Dr Paul Duignan on Outcomes:  Being obsessed with visualization and outcomes I often find myself reflecting on how things are visualized in other domains. At the moment, I'm dabbling in music theory as part of an attempt to improve my guitar playing. Any evaluators who were subjected to my rendition of the Rolling Sones Sympathy for the Devil at a our recent national evaluation conference dinner will have some sympathy for this endeavor.

Anyway, my initial impression is that musical notation could do with a little optimization in the visualization department. Just one example is in regard to musical rests - small pauses that one makes when playing. These are of different lengths and the symbols that are used to represent them are shown above (source Wikipedia http://en.wikipedia.org/wiki/Rest_(music)).

In our work in visualizing outcomes and designing DoView outcomes software we have worked from a set of principles so as to optimize DoView as a visualization tool. The most basic is, of course, 'keep it simple' and a related one is 'consistency of representation'. This means that if you are representing the same basic thing, you should always try to represent it in a similar way. 

The symbols for the quaver onwards in the sequence above (quavers, semiquavers, demisemiquaver and hemidemisemiquavers (I will not be getting into the language they use in music here!) conforms to this principle of consistency in representation. However the first four (long, breve, semibreve and minim) use an entirely different system and are somewhat arbitrary in the way they vary the use of the underlying symbolic form - the use of a simple block of black.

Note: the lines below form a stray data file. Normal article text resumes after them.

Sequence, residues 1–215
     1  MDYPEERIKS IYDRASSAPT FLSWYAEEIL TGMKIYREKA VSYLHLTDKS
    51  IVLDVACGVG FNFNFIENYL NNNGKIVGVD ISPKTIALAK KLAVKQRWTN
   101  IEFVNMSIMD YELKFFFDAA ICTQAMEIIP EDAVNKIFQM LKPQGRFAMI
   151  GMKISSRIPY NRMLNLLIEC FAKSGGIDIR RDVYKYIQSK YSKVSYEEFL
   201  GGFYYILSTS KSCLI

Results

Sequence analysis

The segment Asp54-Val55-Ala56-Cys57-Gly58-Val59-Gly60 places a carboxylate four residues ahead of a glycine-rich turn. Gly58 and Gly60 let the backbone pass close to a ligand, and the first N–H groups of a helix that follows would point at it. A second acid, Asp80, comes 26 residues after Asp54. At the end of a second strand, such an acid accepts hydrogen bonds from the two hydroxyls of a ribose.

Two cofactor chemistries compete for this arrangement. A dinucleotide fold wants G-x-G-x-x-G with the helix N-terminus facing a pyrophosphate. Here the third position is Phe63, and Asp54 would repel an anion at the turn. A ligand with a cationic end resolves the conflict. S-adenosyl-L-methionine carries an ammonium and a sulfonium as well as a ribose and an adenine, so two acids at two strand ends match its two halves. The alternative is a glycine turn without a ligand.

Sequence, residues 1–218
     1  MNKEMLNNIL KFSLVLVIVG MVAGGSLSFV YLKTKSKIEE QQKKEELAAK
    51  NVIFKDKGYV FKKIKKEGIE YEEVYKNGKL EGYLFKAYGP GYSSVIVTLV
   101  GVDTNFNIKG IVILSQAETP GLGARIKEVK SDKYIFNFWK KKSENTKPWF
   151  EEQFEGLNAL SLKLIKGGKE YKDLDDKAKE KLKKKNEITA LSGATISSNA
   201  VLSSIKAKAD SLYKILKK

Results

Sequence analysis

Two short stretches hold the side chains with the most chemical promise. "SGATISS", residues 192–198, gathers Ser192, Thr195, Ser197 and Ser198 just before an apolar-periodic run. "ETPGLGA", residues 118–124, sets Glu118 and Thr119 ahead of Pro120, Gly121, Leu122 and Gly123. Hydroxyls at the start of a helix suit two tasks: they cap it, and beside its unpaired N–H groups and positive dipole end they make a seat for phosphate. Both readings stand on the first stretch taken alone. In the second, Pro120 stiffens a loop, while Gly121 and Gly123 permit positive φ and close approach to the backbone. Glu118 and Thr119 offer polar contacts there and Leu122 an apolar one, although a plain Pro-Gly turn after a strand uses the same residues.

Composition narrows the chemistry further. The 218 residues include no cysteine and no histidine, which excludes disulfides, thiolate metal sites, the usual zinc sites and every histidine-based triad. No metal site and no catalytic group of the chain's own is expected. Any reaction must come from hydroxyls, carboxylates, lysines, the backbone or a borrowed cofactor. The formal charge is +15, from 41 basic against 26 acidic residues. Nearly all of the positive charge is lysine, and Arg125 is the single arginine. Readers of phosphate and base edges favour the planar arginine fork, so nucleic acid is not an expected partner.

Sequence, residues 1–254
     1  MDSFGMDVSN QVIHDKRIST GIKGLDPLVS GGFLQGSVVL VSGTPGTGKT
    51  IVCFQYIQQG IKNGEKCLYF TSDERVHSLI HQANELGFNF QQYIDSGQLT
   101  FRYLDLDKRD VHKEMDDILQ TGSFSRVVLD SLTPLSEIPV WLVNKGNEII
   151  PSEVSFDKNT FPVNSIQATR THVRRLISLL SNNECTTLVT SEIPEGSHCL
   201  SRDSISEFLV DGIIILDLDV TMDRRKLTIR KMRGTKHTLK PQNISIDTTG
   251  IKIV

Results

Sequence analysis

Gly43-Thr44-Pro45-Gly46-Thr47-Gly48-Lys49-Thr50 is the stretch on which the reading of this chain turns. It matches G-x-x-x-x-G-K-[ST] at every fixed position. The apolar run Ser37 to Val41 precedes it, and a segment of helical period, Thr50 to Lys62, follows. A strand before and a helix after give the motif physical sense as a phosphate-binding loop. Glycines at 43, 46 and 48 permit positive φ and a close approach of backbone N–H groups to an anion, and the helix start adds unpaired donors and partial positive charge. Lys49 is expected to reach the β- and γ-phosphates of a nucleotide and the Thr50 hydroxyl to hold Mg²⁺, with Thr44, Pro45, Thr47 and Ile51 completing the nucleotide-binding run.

No doubt there's a long history to these symbols which a music historian could tell us all about and I don't hold out any hope of reforming musical notation. I'm sure that if I looked on the web I would find many schemes for rationalizing the way music is written.

However, in contrast to a field like music, in emerging fields such as outcomes visualization we still have the luxury of being able to explore a range of visualization possibilities. This means we have the time to ensure that we make our visualizations as simple as we possibly can while still communicating what we need to communicate. 

On a related note (excuse the pun) if you're interested in thinking about the level of complexity that should be represented in outcomes work check out the outcomes theory principle of Representing complexity in outcomes models - 'simple but not simplistic'.

Paul Duignan, PhD. You can follow me on Twitter.com/PaulDuignan or contact me here.

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